In his book “Think and Grow Rich” Napoleon Hill wrote about the importance of getting together in a group of like minded people on a regular basis to share ideas and to encourage personal growth. The idea of putting together a Mastermind Group is not unique to Napoleon Hill and many successful people in the world will tell stories of the group that supported them towards their success.
I have been involved in two mastermind groups over the last ten years, one local to my home when I was living in Durban and one international which met regularly on Skype. I have found both groups to be hugely valuable to my business and my personal growth and I heartily recommend you should find yourself a similar group or set up a new one if no such group exists in your area. I have recently moved to Cape Town and I am in the process of setting up a new Mastermind Group here so I thought it may be a good idea to outline the process to get my mind in gear and to give you an idea how Mastermind Groups can be set up.
There are a few key principles involved:
• Identify like minded business people who you believe will compliment the group. I prefer to get people in the same industry as me so that they can contribute from a place of understanding. Personalities are also important here. One difficult person can easily spoil and otherwise perfect group.
• If you are developing a business mastermind group, decide upon a financial measurement for entry. Your monthly earnings are probably the average of the people you associate with. If you surround yourself with wannabes you are not likely to benefit from the experience. If you surround yourself with people who earn considerably more than you do you may feel out of your depth.
• Define the objective of the group. You may want a group whose purpose is to raise funds for a charity, for me the purpose will be to help grow our businesses.
• Have a clear written idea of how the meetings will be constructed. You cannot meet without a specific set of guidelines and expect the meeting will progress on its own. Your guidelines may include: how long will the meeting last, time limit for each speaker, where the meetings are held. how often you will have meetings, who will decide the theme for each meeting, etc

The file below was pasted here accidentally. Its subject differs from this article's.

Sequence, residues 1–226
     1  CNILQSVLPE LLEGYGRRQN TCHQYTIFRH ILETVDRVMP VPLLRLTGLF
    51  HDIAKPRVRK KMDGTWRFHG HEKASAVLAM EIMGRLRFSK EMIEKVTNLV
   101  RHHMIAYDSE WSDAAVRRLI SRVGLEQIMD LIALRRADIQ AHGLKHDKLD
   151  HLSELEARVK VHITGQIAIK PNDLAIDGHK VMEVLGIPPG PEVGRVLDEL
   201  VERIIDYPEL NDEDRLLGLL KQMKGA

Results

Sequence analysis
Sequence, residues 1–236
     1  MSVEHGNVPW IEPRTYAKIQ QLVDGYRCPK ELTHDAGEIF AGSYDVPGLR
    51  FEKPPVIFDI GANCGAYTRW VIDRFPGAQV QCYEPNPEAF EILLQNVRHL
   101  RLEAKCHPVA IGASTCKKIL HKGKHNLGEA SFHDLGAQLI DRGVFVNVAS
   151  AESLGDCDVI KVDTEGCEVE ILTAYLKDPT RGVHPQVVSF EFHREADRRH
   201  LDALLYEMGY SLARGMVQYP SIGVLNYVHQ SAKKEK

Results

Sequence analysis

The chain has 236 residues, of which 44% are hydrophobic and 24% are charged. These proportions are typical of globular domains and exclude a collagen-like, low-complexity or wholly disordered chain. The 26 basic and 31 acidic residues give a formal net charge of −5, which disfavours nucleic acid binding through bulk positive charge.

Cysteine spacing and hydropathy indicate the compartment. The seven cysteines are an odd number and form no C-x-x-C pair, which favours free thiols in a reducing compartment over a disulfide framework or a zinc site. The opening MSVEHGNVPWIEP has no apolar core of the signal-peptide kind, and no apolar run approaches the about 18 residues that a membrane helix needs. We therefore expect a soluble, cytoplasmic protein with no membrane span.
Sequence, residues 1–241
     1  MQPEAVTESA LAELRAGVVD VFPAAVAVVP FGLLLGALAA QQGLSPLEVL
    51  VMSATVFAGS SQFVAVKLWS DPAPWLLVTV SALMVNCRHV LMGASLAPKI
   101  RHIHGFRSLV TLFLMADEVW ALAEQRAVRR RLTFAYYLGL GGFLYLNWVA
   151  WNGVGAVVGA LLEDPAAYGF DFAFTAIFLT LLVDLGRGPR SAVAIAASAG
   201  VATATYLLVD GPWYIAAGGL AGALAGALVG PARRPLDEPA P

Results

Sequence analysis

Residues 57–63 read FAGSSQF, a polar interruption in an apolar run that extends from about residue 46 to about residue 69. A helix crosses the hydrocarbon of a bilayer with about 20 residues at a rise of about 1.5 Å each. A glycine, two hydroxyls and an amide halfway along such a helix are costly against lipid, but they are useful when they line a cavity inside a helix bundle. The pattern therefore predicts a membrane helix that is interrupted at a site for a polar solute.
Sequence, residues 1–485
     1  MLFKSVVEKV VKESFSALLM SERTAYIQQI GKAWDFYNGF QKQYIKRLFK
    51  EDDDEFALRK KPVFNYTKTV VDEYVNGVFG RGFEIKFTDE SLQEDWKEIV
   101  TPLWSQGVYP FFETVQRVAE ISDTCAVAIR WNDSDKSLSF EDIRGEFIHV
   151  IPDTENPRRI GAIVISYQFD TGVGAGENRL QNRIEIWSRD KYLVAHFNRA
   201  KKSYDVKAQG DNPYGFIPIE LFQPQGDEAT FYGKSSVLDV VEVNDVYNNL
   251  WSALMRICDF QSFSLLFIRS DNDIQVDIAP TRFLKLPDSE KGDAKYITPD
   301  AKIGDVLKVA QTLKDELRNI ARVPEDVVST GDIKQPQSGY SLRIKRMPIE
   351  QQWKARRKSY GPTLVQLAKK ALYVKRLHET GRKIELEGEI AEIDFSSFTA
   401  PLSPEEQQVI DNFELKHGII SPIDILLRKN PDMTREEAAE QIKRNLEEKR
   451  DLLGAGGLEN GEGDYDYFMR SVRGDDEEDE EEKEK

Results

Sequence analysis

• Create and agree an agenda for the meetings.
• Decide upon an organiser for the meetings. In my experience Mastermind Groups do not need a leader but they do need someone who takes on the role of organising the meetings and making sure people attend. You will probably also need a time keeper to keep the meetings on track together with a set of rules and perhaps some accountability for breaking those rules. One of the members of my Durban Mastermind group wanted to eat healthier. He promised a can of beer to each of the group for each time he broke his rules during the month. At the next meeting he arrived with a case of beer for each of us.
• Don’t expect too much from your first meeting. It will take time for the personalities to settle.
• Allow each member to have time to share their challenges and ask for help on specific issues before focusing on the main theme for the meeting.
• Make sure each member takes their own notes and commits to a set of actions before the next meeting. I am not a great fan of taking minutes at meetings, rather I expect people to make their own notes. It is important, however, to make sure people are accountable.
• Have fun. People will be more likely to attend and participate if they enjoy the meetings
“You can get everything in life you want, if you’ll just help enough other people get what they want.” Zig Ziglar.
If your Mastermind group is a success it will depend on how much you are prepared to give, to make sure others in the group are succeeding.